Rom­ney vows 11.5 mil­lion new jobs, 4 per­cent growth rate

The Washington Times Weekly - - Politics - BY STEPHEN DI­NAN

NORTH LAS VE­GAS, Nev. | Repub­li­can pres­i­den­tial can­di­date Mitt Rom­ney on Sept. 6 called for a broad re­write of the re­la­tion­ship be­tween busi­nesses and Washington, promis­ing an an­nual growth rate of 4 per­cent and 11.5 mil­lion more jobs un­der a Rom­ney ad­min­is­tra­tion.

Mr. Rom­ney’s speech was the cur­tain-raiser for an ac­tive week on eco­nomic is­sues and in the pres­i­den­tial cam­paign, which is gear­ing up af­ter La­bor Day. Repub­li­can pres­i­den­tial can­di­dates held de­bate in Cal­i­for­nia on Sept. 7, and Pres­i­dent Obama fol­lowed the next night with a ma­jor ad­dress to a joint ses­sion of Congress.

Mr. Rom­ney, who was a oneterm gov­er­nor of Mas­sachusetts, called for cut­ting govern­ment reg­u­la­tions and took par­tic­u­lar aim at China, ar­gu­ing that the top U.S. com­peti­tor for the po­si­tion as the world’s lead­ing econ­omy is ma­nip­u­lat­ing its currency and must face con­se­quences if it does not abide by in­ter­na­tional trade rules.

“I’ll clamp down on the cheaters, and China’s the worst ex­am­ple of that,” he said as he stood be­neath a ban­ner that read, “Day one, job one.” “We’re not go­ing to have a trade war, but we’re not go­ing to have a trade sur­ren­der, ei­ther.”

The jobs is­sue has dom­i­nated pol­i­tics over the past three years as the econ­omy hit a deep re­ces­sion and sput­tered in re­cov­er­ing. Sept. 3 brought news that the econ­omy did not add any net jobs in Au­gust.

Mr. Rom­ney, who ran an in­vest­ment fund be­fore turn­ing to pol­i­tics, re­peat­edly blamed the pres­i­dent for sti­fling the econ­omy by ex­pand­ing govern­ment with­out pro­mot­ing growth.

“He’s not a bad guy. He just doesn’t have a clue what to do,” Mr. Rom­ney said, call­ing the pres­i­dent’s eco­nomic plans “a pay-phone strat­egy, and we’re a smart­phone world.”

The Demo­cratic National Com­mit­tee, in a memo is­sued be­fore his speech, said Mr. Rom­ney was re­hash­ing old ideas and con­tended that his de­sire to win tea party vot­ers in the Repub­li­can pri­mary is cost­ing him cred­i­bil­ity.

“By adopt­ing the ex­treme pol­icy pre­scrip­tions of the tea party, we know Mitt Rom­ney’s vi­sion is of an Amer­ica that has to lower its sights, can’t re­al­ize its full po­ten­tial and has to put the nar­row in­ter­ests of the priv­i­leged few ahead of ev­ery­one else,” the DNC said.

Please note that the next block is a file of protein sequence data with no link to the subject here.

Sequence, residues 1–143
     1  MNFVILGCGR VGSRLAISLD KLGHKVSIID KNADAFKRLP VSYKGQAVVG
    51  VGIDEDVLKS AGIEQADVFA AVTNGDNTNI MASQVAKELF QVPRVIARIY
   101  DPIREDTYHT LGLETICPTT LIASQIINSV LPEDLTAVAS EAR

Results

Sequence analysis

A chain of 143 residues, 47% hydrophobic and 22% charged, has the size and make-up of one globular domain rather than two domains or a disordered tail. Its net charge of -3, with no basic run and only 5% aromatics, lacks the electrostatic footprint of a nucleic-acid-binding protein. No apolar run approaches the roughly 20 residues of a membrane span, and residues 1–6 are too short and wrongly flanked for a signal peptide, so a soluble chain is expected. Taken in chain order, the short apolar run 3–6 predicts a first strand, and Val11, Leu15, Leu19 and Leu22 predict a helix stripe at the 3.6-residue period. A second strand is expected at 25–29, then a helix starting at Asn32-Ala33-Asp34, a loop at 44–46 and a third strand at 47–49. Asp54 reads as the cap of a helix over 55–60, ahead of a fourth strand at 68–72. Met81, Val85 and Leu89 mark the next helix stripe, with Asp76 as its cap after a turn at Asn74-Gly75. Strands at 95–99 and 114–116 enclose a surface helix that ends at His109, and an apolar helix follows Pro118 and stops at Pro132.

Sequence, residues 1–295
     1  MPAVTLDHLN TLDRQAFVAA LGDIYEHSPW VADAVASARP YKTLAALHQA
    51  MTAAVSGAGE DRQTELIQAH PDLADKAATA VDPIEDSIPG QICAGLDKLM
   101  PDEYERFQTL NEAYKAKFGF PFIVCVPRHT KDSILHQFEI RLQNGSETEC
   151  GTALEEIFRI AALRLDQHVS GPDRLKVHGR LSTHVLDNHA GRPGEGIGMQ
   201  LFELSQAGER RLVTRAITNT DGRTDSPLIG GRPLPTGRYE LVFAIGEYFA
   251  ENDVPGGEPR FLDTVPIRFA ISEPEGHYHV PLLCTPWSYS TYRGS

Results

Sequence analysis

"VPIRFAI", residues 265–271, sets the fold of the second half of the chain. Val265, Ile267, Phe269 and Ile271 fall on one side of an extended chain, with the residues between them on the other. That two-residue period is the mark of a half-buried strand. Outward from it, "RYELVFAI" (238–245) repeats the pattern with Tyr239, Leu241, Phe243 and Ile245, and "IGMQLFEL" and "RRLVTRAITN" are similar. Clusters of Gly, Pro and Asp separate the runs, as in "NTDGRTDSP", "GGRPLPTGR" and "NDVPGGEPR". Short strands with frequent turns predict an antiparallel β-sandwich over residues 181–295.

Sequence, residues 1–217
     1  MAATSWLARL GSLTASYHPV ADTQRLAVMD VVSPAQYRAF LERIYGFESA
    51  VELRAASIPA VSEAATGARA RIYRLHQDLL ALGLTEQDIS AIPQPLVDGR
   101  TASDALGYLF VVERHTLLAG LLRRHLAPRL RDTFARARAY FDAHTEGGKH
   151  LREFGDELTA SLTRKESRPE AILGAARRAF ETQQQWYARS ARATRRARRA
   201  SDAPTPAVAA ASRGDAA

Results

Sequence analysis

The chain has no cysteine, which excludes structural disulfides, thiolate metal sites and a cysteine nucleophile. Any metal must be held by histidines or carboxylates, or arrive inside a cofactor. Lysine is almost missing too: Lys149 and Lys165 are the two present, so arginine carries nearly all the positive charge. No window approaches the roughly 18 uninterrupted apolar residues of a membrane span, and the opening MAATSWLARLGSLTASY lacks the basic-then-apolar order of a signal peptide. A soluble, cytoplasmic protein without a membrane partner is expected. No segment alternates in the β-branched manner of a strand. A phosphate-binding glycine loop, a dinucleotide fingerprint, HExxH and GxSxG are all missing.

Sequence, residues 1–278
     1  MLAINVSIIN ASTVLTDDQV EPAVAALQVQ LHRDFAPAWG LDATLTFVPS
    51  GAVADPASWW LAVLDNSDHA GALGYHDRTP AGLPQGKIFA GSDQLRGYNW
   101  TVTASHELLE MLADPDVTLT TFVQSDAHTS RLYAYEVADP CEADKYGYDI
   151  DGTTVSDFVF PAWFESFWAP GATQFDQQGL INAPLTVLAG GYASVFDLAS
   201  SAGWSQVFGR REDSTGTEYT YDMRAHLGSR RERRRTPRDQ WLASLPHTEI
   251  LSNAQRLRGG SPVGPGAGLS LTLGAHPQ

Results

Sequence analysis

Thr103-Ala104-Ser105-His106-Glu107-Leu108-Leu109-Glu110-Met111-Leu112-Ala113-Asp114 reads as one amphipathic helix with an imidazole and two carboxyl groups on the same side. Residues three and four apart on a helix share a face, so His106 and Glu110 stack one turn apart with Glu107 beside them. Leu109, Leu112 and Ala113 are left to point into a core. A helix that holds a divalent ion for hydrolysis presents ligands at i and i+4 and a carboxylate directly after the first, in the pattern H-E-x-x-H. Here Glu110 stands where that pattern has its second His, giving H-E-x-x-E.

It also sought to turn his re­al­world busi­ness ex­pe­ri­ence against him, say­ing he laid off work­ers dur­ing his time as head of Bain Cap­i­tal LLC, the pri­vate eq­uity firm he ran.

Mr. Rom­ney pointed to the firm’s in­vest­ment in Sta­ples, the of­fice-sup­ply chain that he said some had ar­gued against fund­ing, but which is now re­spon­si­ble for 90,000 jobs.

Mr. Rom­ney is run­ning sec­ond in national sur­veys of the GOP’s pres­i­den­tial field, hav­ing sur­ren­dered the lead last month to Texas Gov. Rick Perry.

In a state­ment, Mark Miner, a spokesman for Mr. Perry, said Mr. Rom­ney failed to cre­ate a job-pro­duc­ing environment dur­ing his term as gov­er­nor of Mas­sachusetts and whiffed when he could have in­sti­tuted some of the poli­cies he an­nounced in his speech.

Still, given his cre­den­tials, Mr. Rom­ney’s eco­nomic speech is likely to be the stan­dard by which the other Repub­li­can can­di­dates will be judged, and it in­evitably will be con­trasted with Mr. Obama’s speech.

Mr. Rom­ney spoke from notes, but not from a pre­pared speech, and drew a large ova­tion when he pointed out that he wasn’t speak­ing from a teleprompter.

He ad­dressed a small crowd at a truck deal­er­ship in North Las Ve­gas.

Ne­vada is slated to hold the third nom­i­nat­ing con­test in next year’s pri­mary sea­son, with its cau­cuses fol­low­ing Iowa’s firstin-the-na­tion con­test and New Hamp­shire’s pri­mary.

In con­junc­tion with his speech, his cam­paign pro­duced a 59-point plan, de­tailed in a 160-page book, that called for elim­i­nat­ing taxes on cap­i­tal gains, div­i­dends and in­ter­est on Amer­i­cans with in­comes of up to $200,000. He also pro­posed:

Re­view­ing and re­peal­ing many of the reg­u­la­tions writ­ten dur­ing Mr. Obama’s ten­ure.

Curb­ing unions by mak­ing dif­fer­ent ap­point­ments to the National La­bor Re­la­tions Board and by push­ing for changes to la­bor laws that would es­tab­lish a se­cret bal­lot in union elec­tions.

Of­fer­ing more visas to en­cour­age highly skilled for­eign­ers to work in the U.S.

Cut­ting non-de­fense dis­cre­tionary spend­ing by 5 per­cent, re­duc­ing the fed­eral work­force by 10 per­cent through at­tri­tion, and cap­ping over­all fed­eral govern­ment spend­ing at 20 per­cent of gross do­mes­tic prod­uct.

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